Chief Justice Leigh Saufley used her annual address to the Legislature last week to make some unusual requests. Instead of asking for more money to run the state’s courthouses, she called on lawmakers to create safe housing, mental health and recovery services for all Mainers, but especially for young people.

Saufley said Maine was in the midst of an “epidemic of addiction and mental health crises” that calls for community-based alternatives to jail. The issue is most acute for juveniles, who are sent to the Long Creek Youth Development Center, a prison-like facility that is no place to recover from anxiety, depression or a substance use disorder.

Saufley’s comments point to a major flaw in the social service safety net. Substance use disorder in teenagers and adults can look like criminal behavior, but it can result from adverse childhood experiences, such as abuse, neglect and untreated mental illness.

Frequently, young people who show up in court need treatment, not jail, but there are no residential programs to send them to beside Long Creek. If they come from homes that are not sufficiently stable to support their recovery, judges have no other choice beside incarceration.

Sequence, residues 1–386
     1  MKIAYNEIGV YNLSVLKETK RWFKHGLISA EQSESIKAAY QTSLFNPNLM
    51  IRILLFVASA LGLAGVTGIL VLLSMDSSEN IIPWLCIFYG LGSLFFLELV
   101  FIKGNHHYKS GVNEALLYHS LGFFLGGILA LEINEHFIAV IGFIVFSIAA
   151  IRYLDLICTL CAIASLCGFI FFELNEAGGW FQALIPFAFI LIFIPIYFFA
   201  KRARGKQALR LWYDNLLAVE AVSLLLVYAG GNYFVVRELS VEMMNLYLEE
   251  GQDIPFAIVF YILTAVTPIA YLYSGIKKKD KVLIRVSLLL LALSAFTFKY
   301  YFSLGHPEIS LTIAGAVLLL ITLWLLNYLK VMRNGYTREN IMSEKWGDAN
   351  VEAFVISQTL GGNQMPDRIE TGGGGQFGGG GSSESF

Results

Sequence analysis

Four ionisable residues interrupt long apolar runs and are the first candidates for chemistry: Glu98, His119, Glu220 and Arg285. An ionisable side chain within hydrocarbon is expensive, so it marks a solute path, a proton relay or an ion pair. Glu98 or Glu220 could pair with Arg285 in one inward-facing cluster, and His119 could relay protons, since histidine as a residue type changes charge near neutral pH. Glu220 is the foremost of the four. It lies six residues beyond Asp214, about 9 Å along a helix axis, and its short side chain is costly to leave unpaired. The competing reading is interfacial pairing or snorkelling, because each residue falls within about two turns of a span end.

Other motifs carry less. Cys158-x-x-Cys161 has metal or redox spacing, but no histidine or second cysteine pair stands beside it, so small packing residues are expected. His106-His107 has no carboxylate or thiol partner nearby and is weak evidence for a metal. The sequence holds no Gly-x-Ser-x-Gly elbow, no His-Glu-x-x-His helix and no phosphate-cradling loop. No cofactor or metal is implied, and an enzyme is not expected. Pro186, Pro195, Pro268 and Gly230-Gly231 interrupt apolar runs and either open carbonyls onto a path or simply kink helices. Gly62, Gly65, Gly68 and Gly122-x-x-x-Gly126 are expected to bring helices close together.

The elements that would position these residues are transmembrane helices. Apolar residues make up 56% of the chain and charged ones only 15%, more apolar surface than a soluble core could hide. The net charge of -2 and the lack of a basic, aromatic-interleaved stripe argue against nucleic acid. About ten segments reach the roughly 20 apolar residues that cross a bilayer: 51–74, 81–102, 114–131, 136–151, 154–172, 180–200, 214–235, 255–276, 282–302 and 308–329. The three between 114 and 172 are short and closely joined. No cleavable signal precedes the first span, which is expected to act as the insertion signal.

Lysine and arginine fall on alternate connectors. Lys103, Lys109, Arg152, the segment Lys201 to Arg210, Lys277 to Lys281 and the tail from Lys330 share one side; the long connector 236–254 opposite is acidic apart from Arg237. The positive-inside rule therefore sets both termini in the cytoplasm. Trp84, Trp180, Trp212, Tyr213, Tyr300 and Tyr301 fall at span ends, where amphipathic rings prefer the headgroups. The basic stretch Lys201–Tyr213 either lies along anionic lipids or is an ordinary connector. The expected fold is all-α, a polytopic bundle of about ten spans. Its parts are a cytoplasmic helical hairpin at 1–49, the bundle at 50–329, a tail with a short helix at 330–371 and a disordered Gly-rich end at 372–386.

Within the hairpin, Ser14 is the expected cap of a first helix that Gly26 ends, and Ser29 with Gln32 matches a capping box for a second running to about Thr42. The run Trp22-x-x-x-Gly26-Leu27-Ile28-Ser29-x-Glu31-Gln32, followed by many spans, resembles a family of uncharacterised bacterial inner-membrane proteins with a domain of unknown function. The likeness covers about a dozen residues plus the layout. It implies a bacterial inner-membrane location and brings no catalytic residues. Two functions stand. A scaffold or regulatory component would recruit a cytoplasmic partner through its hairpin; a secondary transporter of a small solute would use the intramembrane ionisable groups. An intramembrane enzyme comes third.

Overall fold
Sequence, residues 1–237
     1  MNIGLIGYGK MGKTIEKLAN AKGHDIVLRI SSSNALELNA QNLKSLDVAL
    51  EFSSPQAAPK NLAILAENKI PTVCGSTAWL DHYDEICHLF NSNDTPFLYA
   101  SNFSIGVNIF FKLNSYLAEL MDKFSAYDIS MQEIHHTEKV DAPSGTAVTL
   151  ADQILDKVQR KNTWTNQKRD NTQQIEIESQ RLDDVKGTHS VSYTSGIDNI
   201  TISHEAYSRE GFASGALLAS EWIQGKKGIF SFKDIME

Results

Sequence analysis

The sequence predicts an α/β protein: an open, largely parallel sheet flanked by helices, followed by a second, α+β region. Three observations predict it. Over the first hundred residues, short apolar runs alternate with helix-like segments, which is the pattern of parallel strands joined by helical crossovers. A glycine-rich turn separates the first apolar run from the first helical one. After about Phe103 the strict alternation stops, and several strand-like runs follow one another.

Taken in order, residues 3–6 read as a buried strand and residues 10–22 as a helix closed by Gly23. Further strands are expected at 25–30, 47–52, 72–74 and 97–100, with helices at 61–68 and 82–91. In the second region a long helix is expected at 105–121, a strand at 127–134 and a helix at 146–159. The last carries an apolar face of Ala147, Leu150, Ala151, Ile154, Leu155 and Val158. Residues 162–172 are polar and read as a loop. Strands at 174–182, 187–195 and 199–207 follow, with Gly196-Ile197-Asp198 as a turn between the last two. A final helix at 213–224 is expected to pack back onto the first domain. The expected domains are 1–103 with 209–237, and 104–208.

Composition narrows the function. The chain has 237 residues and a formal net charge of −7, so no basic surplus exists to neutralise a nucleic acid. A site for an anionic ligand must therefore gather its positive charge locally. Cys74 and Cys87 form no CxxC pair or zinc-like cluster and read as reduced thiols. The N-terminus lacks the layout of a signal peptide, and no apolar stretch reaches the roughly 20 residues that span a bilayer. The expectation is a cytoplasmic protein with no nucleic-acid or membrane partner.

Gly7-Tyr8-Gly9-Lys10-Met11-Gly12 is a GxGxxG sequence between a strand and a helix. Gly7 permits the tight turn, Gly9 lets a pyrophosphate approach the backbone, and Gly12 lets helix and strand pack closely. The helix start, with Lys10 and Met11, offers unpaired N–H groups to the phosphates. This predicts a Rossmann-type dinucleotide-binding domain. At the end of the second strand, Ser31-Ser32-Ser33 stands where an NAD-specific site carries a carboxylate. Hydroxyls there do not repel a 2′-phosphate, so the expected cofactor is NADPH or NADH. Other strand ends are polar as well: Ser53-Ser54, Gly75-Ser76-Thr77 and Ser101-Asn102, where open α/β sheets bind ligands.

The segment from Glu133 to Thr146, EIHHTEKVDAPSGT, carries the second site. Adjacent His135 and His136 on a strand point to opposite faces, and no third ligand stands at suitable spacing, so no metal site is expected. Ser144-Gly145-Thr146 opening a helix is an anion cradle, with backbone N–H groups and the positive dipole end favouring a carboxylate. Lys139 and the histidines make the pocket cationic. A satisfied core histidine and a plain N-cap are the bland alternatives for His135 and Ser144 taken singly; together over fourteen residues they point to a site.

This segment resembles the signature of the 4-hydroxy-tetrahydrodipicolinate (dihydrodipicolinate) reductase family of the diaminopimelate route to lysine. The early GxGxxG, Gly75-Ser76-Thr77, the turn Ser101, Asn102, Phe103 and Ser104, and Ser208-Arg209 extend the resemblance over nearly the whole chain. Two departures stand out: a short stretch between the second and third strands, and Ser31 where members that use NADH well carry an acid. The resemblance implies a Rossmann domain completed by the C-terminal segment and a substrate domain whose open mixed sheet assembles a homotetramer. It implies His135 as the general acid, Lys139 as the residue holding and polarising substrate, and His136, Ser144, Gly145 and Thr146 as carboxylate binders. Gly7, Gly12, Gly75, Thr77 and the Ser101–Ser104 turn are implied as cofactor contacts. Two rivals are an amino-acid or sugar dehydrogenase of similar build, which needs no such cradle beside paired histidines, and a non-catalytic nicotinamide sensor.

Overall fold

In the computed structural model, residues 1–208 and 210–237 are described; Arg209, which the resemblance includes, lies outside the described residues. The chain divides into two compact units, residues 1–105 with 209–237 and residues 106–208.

“There has been an acknowledgment for quite some time that we do not have sufficient placement facilities for youth who can’t go home,” Saufley told reporters after her Feb. 26 speech. “We haven’t found the solution yet.”

Two days later, lawmakers started working on just that. New Corrections Commissioner Randall Liberty, working with state Rep. Michael Brennan, D-Portland, is assembling a Juvenile Justice Advisory Group. The group will look at the future of Long Creek, including using it as a prison for adult women, and moving the approximately 50 young people into other placements.

Before that can happen, new programs will be developed, but that should not be too serious an impediment. The state is currently spending $16.2 million a year to run the facility, about $300,000 per child.

Saufley’s comments combined with the creation of the advisory group constitute an important step toward a much-needed reform. Lawmakers should work with the Mills administration to keep the progress going.

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